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P. Fauchais, M. Vardelle, J.F. Coudert, A. Vardelle, C. Delbos, and J. Fazilleau, “Thermal plasma deposition from thick to thin coatings and from micro-to nanostructures” Pure Appl. Chem., Vol.77, No.2, pp.475-485, 2005 Among lectures presented at the 17th Internationa Symposium on Plasma Chemistry (ISPC 17), Toronto, Ontario, Canada, 7-12 August 2005: Toyonobu Yoshida, “Toward a new era of plasma spray processing”, Pure Appl. Chem. Vol.78, No.6, pp.1093-1107, 2006. H. Brachhold, R. Mueller, G. Pross, “Plasma reactions” in Ullmann’s Encyclopedia of Industrial Chemistry, Vol. A20, VCH, Weinheim, 1992.

9.3

High and ultra-high-temperature materials

Aim: to give an overview of families of materials stable at high temperature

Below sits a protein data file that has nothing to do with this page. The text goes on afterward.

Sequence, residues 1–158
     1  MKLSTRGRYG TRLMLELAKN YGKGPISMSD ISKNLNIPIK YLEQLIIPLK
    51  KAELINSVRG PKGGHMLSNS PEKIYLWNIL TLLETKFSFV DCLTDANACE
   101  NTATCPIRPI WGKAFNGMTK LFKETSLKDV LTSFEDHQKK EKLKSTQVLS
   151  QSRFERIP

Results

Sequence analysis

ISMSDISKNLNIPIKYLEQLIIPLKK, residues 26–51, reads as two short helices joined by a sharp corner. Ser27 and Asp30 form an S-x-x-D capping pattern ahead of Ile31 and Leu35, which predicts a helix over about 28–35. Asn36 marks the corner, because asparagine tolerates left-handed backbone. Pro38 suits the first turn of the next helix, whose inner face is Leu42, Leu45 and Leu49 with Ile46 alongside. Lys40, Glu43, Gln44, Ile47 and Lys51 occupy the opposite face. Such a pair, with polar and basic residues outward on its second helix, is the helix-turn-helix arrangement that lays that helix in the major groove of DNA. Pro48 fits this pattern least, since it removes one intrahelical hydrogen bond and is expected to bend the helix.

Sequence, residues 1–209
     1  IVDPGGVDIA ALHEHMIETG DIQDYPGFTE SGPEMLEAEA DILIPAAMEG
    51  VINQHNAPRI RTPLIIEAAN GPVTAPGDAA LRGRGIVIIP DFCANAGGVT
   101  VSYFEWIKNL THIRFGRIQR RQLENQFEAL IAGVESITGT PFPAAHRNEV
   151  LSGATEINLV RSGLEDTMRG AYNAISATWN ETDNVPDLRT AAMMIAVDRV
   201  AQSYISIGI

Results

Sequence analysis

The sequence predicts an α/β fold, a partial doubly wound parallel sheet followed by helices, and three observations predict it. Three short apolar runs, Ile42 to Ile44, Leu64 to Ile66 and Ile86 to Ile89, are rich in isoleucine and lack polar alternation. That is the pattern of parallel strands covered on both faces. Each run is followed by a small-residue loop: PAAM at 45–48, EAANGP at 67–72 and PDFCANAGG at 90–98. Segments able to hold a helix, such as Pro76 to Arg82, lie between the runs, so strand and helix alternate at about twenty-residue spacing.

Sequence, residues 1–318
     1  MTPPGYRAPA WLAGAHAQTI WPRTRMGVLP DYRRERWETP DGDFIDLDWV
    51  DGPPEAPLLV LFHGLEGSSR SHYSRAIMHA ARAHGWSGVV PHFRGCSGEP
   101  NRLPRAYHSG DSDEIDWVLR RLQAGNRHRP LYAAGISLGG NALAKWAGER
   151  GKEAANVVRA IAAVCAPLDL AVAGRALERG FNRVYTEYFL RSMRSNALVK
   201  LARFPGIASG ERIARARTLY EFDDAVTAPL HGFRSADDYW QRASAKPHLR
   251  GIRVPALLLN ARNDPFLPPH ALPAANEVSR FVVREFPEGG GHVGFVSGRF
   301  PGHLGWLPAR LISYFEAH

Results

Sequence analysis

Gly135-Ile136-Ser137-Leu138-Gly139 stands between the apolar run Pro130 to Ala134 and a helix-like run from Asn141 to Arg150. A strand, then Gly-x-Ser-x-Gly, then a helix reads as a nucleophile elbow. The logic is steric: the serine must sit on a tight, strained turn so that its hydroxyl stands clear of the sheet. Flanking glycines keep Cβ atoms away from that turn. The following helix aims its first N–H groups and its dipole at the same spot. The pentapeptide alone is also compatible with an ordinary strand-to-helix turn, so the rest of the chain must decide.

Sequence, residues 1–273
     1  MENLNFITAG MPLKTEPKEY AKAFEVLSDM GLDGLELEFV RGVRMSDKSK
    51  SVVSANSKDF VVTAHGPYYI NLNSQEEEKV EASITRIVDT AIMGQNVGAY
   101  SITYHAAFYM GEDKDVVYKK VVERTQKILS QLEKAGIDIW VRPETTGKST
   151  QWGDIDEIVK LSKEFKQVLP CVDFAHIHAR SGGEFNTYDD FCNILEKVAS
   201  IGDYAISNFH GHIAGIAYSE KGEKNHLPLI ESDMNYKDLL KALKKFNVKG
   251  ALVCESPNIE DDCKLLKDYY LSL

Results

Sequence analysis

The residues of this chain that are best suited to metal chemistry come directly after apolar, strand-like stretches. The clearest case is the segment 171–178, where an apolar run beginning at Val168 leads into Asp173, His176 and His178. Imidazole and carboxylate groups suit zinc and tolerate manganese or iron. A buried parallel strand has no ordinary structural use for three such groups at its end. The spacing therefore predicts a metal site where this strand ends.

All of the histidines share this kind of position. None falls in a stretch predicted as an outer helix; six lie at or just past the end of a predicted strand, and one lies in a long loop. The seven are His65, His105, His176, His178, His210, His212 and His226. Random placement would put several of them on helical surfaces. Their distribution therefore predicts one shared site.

Topic description and teaching suggestions: The field of high temperature materials embraces a wide range of metals, alloys, engineering ceramics and composites. Their technological importance for various fields of application is ever increasing. Some are prepared at low temperature but their use is for high temperature applications; others may be prepared only through high temperature processes. After the description of specific high temperature synthesis processes (see previous topic 9.2) it is useful to give students an overview of families of compounds (metallic, oxide and non- oxide ceramics, including refractory pure metals) that are physically and chemically stable at high temperatures (e.g. up to 2000°C and beyond) in inert and in reactive atmospheres (in primis oxidation resistant materials). These materials are important for application-oriented needs in various advanced technologies in aerospace (hypersonic flight, atmospheric re-entry, rocket propulsion, etc.) and advanced energy conversion systems (in particular gas turbines, internal combustion engines, nuclear reactors, solid oxide fuel cell components, etc) and environmental issues. Students should be aware of the physical and chemical properties that allow these materials to be used effectively in extreme environments: melting/transformation temperatures, chemical inertness, thermochemical properties, etc.

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